In this in-conversation blog, James Devine, NHS Confederation's director of Acute Care Network, interviews Raffaela Goodby, chief people officer at Birmingham Women and Children’s Hospital NHS Trust, who shares some insights into what she feels makes a good LGBTQ+ ally.
June is Pride month; dedicated to celebrating the LGBTQ+ communities all around the world. Pride month is about coming together in love and friendship, to show how far gay rights have come, even if in some place there is still work to be done for individuals to be able to freely express who they are.
So what better way to get involved, than to get ‘in conversation’ with my good friend, and strong LGBTQ ally, Raffaela Goodby, who personally supported me when I came out.
Raffaela, why are you an ally?
I want to contribute to a society where who you love is sacred and safe to talk about, regardless of their gender
I have been a visible ally of LGBTQ+ colleagues for over six years now, including being the executive sponsor of our staff network in my previous trust. I feel it’s important to use my voice to speak up for colleagues who identify as LGBTQ who do not feel confident enough to speak for themselves and importantly to create an environment as a leader that is safe for colleagues to be themselves. We know that prejudice, discrimination and misunderstanding creates harm to the people on the receiving end, and I want to contribute to a society where who you love is sacred and safe to talk about, regardless of their gender.
What does it mean to you?
It means speaking openly to my daughters as soon as they could talk about wanting girlfriends or boyfriends and talking about loving a spirit rather than a gender
Allyship to me means being visible about it. Speaking up on language used in meetings. Calling people out for banter that might be misinterpreted. Visibly asking about partners rather than about husbands, wives or children. Wearing my rainbow lanyard and badge. Being open on social media about supporting LGBTQ+ colleagues. Marching at Birmingham Pride. Supporting LGBTQ colleagues through difficult situations. Educating colleagues through changes to HR practice or supporting our staff networks. It means speaking openly to my daughters as soon as they could talk about wanting girlfriends or boyfriends and talking about loving a spirit rather than a gender. Being available for questions and constantly being curious and educating myself through talking to colleagues or experts and reading, especially during Pride month. It also means being willing to apologise when I get things wrong, or say the wrong thing, or if my opinions are outdated (my kids tell me things all the time that I say that are wrong and constantly keep me on my toes).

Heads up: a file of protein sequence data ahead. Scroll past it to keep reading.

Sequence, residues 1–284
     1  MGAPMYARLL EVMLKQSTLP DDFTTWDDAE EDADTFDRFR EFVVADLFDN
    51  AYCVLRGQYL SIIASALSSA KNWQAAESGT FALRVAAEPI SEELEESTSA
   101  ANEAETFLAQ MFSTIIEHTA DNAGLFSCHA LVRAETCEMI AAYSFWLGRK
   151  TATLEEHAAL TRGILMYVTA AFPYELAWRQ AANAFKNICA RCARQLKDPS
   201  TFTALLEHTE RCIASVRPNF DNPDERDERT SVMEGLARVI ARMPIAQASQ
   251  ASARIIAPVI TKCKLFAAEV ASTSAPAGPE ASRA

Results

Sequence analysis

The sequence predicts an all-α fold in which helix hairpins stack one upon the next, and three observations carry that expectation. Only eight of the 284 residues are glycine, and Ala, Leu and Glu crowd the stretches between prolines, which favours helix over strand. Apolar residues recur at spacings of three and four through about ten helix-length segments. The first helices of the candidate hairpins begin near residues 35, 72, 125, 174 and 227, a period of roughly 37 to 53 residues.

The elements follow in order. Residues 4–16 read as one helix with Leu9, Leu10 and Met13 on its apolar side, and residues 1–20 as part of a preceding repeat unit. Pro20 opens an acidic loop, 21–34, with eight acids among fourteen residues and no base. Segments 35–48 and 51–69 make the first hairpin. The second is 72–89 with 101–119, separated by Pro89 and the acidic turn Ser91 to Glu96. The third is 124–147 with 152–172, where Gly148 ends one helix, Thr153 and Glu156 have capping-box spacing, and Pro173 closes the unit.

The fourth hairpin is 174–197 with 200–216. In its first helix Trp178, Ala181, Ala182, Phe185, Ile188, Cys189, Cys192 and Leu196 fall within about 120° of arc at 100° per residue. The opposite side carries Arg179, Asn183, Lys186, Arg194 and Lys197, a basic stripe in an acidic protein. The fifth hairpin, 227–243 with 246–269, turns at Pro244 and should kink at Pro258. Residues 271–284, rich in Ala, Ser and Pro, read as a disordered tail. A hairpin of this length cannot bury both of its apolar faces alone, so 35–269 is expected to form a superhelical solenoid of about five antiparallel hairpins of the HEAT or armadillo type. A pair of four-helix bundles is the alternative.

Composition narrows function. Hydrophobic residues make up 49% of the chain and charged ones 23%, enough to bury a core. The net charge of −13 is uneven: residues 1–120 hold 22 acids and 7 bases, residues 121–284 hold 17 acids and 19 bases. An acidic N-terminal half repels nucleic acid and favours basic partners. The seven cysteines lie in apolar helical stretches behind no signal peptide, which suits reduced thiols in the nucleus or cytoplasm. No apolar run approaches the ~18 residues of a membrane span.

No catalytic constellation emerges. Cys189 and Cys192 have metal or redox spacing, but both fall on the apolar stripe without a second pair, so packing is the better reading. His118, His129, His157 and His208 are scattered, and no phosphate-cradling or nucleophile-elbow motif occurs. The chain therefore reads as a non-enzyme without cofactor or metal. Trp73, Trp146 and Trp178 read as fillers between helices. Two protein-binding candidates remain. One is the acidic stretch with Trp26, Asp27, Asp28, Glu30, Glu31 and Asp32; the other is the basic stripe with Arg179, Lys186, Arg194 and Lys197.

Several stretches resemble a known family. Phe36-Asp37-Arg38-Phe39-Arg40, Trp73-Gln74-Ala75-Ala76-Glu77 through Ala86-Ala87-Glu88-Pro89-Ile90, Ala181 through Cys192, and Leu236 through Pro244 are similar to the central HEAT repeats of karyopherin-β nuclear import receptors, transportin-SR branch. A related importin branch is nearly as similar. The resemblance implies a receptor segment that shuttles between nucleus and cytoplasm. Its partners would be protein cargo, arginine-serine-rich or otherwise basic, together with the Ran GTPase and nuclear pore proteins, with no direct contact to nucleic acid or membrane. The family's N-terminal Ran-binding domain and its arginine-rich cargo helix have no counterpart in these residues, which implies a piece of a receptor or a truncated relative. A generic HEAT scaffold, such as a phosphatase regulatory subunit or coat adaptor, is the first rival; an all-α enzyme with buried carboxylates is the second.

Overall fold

How does your organisation support you and how do you use your senior role to promote allyship?
The NHS trusts I have worked in are visibly promoting inclusion of LGBTQ+ colleagues, through setting up LGBTQ staff networks with colleagues and ensuring they have time and support to make things better. We have just reviewed our family leave policy to make all of the language gender neutral. We are supporting Pride month and did an internal comms campaign during LGBTQ history month. We support our colleagues through the materials and resources available through the Employers Network for Equality & Inclusion (ENEI) and I have worked with Stonewall in the past and entered the Top 100 employers. We have gained valuable feedback through questionnaires and feedback on how our trust was achieving against the standards.
At my previous trust we implemented a safe space for colleagues, implemented a transgender policy and supported the local LGBTQ orchestra to practice on site in our education centre and attended and promoted the concerts.
Any final thoughts, or message to the LGBTQ communities?
We are always learning, and there is no ‘perfect way’ of supporting LGBTQ colleagues and being a perfect ally, as it will mean different things to different colleagues as we are all, thankfully, so different and unique!